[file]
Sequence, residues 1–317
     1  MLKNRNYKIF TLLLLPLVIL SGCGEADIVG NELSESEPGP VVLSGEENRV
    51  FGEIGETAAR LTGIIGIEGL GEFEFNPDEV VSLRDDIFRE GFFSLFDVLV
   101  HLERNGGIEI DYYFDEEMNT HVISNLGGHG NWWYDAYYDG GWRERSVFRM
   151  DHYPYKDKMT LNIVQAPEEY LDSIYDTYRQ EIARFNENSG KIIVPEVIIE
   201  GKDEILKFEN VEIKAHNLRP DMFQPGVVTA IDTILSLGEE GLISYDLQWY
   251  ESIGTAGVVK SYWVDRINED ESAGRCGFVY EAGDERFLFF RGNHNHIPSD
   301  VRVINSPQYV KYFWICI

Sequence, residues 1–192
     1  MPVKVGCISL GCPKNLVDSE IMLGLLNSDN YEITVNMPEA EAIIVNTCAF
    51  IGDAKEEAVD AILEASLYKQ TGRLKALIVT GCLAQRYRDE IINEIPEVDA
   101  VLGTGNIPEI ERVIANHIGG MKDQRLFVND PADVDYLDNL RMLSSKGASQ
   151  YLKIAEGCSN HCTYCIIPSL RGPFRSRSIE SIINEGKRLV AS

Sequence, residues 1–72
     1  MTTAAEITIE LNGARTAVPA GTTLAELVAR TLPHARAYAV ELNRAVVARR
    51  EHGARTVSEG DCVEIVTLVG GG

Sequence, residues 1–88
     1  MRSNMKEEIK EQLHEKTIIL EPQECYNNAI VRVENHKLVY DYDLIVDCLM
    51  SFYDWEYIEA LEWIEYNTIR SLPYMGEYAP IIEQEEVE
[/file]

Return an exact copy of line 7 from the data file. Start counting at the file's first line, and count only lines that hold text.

   251  ESIGTAGVVK SYWVDRINED ESAGRCGFVY EAGDERFLFF RGNHNHIPSD